Table_5_Processing Method Altered Mouse Intestinal Morphology and Microbial Composition by Affecting Digestion of Meat Proteins.DOCX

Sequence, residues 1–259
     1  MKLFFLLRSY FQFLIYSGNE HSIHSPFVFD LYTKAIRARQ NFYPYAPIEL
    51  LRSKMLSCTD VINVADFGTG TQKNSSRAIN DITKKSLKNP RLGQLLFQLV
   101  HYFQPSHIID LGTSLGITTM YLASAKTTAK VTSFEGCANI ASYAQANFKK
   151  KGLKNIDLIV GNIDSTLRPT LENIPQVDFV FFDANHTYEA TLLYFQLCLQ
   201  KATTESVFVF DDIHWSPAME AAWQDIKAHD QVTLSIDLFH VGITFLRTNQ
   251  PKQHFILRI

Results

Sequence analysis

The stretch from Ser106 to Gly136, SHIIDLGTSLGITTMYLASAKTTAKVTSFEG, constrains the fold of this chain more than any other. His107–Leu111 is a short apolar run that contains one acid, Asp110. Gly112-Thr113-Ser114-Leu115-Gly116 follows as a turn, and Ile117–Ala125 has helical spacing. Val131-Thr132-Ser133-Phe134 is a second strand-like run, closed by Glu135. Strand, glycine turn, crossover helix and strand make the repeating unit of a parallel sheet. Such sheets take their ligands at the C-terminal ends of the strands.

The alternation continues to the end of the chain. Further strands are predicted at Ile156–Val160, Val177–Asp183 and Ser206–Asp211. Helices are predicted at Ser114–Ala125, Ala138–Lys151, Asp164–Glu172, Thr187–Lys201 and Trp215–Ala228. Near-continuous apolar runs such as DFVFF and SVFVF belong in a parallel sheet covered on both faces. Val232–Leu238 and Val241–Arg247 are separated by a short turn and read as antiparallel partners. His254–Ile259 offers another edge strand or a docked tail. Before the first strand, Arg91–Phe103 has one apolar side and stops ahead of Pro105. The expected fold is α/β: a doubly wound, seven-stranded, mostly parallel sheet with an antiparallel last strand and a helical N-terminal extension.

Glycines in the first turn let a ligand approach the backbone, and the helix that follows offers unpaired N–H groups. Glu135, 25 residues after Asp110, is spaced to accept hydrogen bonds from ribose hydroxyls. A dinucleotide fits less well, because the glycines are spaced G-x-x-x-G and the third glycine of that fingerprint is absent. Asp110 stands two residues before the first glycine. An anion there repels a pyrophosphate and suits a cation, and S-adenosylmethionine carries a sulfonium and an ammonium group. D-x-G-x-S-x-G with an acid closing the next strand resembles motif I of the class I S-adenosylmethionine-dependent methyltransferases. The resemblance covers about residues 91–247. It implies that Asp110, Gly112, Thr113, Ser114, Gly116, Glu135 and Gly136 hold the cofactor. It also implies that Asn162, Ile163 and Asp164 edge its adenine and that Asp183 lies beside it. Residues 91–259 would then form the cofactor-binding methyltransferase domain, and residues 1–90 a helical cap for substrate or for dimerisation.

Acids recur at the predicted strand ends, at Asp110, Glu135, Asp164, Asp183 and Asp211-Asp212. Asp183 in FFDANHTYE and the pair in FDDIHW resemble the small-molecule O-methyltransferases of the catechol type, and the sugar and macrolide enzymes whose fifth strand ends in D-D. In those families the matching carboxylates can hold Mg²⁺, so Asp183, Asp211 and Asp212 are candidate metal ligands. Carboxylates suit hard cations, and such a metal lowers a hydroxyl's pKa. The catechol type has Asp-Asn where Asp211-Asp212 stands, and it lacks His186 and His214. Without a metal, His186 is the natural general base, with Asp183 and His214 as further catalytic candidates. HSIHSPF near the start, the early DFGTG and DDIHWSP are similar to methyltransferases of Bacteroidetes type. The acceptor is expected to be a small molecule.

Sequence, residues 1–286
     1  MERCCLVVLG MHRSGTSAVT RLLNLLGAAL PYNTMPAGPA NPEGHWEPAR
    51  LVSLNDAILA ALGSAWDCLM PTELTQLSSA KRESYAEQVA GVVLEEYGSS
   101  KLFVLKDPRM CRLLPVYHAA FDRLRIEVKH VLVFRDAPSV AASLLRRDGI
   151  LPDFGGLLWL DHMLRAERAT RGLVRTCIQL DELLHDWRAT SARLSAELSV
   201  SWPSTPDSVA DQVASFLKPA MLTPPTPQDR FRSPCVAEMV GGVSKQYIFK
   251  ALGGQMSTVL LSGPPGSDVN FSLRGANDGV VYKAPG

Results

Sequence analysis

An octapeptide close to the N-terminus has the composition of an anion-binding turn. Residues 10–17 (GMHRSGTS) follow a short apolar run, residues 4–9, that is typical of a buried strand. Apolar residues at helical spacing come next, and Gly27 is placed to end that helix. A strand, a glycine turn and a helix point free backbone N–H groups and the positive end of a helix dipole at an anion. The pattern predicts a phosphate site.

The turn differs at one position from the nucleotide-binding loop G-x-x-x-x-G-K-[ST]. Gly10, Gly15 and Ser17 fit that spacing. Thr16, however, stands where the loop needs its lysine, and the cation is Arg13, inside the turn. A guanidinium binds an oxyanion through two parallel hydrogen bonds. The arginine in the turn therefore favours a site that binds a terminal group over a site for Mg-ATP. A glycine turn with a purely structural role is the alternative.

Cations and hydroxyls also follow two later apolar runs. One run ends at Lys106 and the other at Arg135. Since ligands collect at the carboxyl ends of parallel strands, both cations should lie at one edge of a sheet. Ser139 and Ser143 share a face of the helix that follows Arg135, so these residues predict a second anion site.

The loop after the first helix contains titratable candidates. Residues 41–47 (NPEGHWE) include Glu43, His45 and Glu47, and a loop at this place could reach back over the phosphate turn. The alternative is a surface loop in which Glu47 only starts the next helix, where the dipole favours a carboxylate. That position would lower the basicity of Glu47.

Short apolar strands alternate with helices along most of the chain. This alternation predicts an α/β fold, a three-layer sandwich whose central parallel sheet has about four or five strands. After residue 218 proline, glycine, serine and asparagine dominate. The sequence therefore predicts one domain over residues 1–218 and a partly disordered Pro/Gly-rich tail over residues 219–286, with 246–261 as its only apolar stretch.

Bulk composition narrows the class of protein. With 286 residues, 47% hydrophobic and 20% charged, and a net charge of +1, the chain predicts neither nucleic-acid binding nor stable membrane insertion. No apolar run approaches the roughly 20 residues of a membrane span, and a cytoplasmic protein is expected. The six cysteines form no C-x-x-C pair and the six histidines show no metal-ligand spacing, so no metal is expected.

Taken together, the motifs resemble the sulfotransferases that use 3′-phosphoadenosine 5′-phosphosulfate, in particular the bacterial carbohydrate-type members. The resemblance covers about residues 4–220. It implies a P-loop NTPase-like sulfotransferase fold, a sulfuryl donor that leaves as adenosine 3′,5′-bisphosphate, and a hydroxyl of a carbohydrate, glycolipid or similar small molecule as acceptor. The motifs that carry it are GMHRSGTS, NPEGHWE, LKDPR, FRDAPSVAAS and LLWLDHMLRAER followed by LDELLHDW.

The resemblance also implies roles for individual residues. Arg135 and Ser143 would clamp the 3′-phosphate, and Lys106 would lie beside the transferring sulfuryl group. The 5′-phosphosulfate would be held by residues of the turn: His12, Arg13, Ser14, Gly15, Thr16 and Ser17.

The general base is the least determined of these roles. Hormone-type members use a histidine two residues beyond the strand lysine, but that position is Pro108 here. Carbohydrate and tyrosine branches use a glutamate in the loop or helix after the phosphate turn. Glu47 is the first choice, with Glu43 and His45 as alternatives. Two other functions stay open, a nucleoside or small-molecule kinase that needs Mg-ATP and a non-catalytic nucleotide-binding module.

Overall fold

Our previous study showed that the intake of meat proteins dynamically affected fecal microbial composition. However, the digestion of processed meat proteins in vivo and its relationship with gut microbiota and host remain unclear. In this study, we collected cecal contents and intestinal tissue from the mice fed with casein, soybean protein (SP), and four processed pork proteins for 8 months, and analyzed the amino acid (AA) files, cecum microbial composition and metabolites, and intestinal morphology. Dry-cured pork protein and stewed pork protein (SPP) groups had significantly higher total AA content in gut content than the other groups, but the content of the SPP group was relatively lower in the serum. The microbial composition of the processed meat protein groups differed from the casein or SP group, which is consistent with changes in AA composition. Emulsion sausage protein and SP diets upregulated the microbial AA metabolism, energy metabolism, signaling molecules and interaction, translation, and digestive system function but downregulated the microbial membrane transport, signal transduction and cell motility function compared to the casein diet. The SPP diets increased concentrations of acetate, propionate, butyrate, and isovalerate by specific gut microbes, but it decreased the relative abundance of Akkermansia. Moreover, the mice fed SP diet had relatively lower crypt depth, higher villus height and V/C ratio in duodenum, with the longer small intestines and the heavier cecum than other diets. These results suggested that processing methods altered bioavailability of meat proteins, which affected the intestinal morphology and the cecum microbial composition and function.
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